After a slight delay, Fairfax County Public Library has come to the same realization as dozens of other library systems in the D.C. area and across the country: that fining patrons for overdue materials doesn’t work.
The library’s Board of Trustees got informal but clear support from the Fairfax County Board of Supervisors at a joint meeting yesterday (Tuesday) to stop FCPL’s practice of charging late fees for unreturned books, DVDs, and other resources.
The trustees must still officially vote to eliminate library fines, but if that happens in November or December as anticipated, the new fine-free policy will take effect on Jan. 1, 2022, FCPL Director Jessica Hudson told the Board of Supervisors, noting that people will still be expected to pay back the cost of lost or damaged items.
“I have not heard anyone on this board that doesn’t wholeheartedly support [the fine-free strategy],” Board of Supervisors Chairman Jeff McKay said. “So, [I] look forward to the library board moving forward with that, and being able to accomplish that would be, I think, a big win for all our users.”
Fines Affect Library Access
Inspired by the One Fairfax policy, which commits the county to considering racial and social equity in its policies and decision-making, the FCPL Board of Trustees started exploring the idea of eliminating fines with the creation of an ad hoc committee in April.
Tasked with reviewing trends and determining the effectiveness of fines, the committee found that fines are not only futile at incentivizing the timely return of materials, but instead, actually discourage people from returning overdue items and utilizing library services.
“If you have a book checked out, and it’s a month late, and you know that you’ve got fines accrued on it, it doesn’t really make you want to run into the library and quickly turn it in and pay your fine,” Hudson said. “Instead, it acts as a punitive measure that ensures that some members of our population are never going to come back to the library.”
The committee recommended that FCPL eliminate fines at a Board of Trustees meeting on July 14, citing the policy’s ineffectiveness, its disproportionate impact on youth and low-income communities, and declining revenue from fines in a statement that the board accepted on Sept. 8.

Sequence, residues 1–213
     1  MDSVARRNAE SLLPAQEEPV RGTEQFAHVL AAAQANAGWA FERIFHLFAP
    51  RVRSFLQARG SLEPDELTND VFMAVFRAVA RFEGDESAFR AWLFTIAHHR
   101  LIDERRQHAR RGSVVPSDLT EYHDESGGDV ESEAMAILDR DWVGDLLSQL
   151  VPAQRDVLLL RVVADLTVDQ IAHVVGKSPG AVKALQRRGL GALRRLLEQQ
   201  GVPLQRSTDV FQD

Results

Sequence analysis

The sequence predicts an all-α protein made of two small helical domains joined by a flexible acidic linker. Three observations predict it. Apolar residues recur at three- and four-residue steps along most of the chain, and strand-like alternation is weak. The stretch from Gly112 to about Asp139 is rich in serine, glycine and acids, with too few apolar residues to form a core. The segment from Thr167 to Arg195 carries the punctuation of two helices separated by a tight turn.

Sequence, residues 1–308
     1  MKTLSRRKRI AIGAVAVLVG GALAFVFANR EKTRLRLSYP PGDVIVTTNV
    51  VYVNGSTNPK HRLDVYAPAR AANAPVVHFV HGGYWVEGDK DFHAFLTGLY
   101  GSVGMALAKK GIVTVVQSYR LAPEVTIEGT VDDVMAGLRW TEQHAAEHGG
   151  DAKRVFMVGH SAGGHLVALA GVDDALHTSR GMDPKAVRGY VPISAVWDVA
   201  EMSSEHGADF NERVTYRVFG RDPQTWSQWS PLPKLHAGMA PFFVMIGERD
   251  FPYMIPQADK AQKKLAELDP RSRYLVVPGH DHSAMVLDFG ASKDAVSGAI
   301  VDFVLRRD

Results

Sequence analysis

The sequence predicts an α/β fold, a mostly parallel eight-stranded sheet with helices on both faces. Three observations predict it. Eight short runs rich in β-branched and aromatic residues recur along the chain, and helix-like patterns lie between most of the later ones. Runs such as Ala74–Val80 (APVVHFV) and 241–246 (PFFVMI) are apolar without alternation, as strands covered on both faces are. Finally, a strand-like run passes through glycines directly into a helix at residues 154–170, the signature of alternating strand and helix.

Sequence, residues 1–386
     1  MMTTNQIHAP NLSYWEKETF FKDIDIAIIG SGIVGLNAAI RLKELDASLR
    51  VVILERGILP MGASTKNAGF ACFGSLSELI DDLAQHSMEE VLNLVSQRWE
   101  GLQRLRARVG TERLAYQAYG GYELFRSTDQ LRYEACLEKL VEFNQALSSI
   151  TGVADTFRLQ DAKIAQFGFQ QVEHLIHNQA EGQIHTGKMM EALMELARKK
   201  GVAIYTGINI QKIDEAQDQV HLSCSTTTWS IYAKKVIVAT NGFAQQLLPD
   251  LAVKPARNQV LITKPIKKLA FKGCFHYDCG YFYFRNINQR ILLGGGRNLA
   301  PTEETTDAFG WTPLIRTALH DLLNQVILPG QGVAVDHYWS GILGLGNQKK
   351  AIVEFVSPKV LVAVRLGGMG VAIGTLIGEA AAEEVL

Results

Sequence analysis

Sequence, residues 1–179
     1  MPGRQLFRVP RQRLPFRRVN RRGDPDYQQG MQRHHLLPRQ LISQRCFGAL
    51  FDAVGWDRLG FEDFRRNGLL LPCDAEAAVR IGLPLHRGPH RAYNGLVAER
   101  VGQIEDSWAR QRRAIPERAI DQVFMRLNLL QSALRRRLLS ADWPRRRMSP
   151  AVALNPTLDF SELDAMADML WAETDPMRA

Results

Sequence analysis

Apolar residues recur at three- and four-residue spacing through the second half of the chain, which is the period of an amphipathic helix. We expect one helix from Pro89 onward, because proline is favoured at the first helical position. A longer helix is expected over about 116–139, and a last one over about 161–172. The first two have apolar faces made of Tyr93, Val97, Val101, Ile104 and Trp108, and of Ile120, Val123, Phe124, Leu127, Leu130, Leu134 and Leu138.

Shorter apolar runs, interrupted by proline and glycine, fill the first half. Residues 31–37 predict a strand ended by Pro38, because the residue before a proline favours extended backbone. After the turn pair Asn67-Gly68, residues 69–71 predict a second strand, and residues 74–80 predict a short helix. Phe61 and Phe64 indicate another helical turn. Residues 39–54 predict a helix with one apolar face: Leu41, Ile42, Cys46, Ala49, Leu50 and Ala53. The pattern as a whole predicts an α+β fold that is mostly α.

According to the committee, 17% of the approximately 420,000 library cardholders that FCPL had prior to the pandemic — including 23% of cardholders younger than 18 — had their cards blocked because their accounts carried more than $15 in outstanding fines.
The number of blocked cards correlated closely with neighborhood income, with low-income areas served by the Reston, City of Fairfax, George Mason, Kingstowne, and Sherwood regional libraries having particularly high rates, according to Hudson.
The committee also reported that the revenue FCPL gets from fines, which goes into the county’s general fund, has been decreasing throughout the past decade, dropping from $1.3 million in fiscal year 2010 to just $127,067 in FY 2021.
“Is the effort of collecting those dollars really worth all of the negative impact that’s associated with it?” Hudson said, attributing the decline to the introduction of auto-renewals and an increase in usage of electronic materials that don’t accrue fines.
Better Late Than Never
Assuming the policy change is approved, Fairfax County will be the last jurisdiction in the D.C. region to end the use of library fines, a trend that started with Loudoun County in 2019 and continued most recently the City of Alexandria and Prince William County on July 1.
However, FCPL got some practice in going fine-free last year, when the COVID-19 pandemic closed all 22 branches, prompting the system to suspend fine collections for overdue materials from March through August.
Even before the pandemic, FCPL had implemented initiatives intended to make it easier for people to pay off their fines, partnering with the nonprofit Food for Others on a “Food for Fines” program in 2018 and introducing a “Read Away Your Fines” program in 2019.
It also joined forces with Fairfax County Public Schools on the fine-free Library Equity Access Pass program, which lets all students access public libraries without a library card. The program was piloted at one branch in 2019 before going countywide in October 2020.
The benefits of fully eliminating fines could be realized immediately, according to Sujatha Hampton, who represents Dranesville District on the trustees board and chaired the ad hoc fine review committee.
She noted that other library systems have seen spikes in returns after suspending the use of fines, including one case in San Francisco where a man returned a book that had been overdue for 100 years.
“The lifting of fines is associated with the return of the books,” Hampton said. “So, we could imagine that just putting this in place and strongly advertising it would bring back a flood of books that have been out.”
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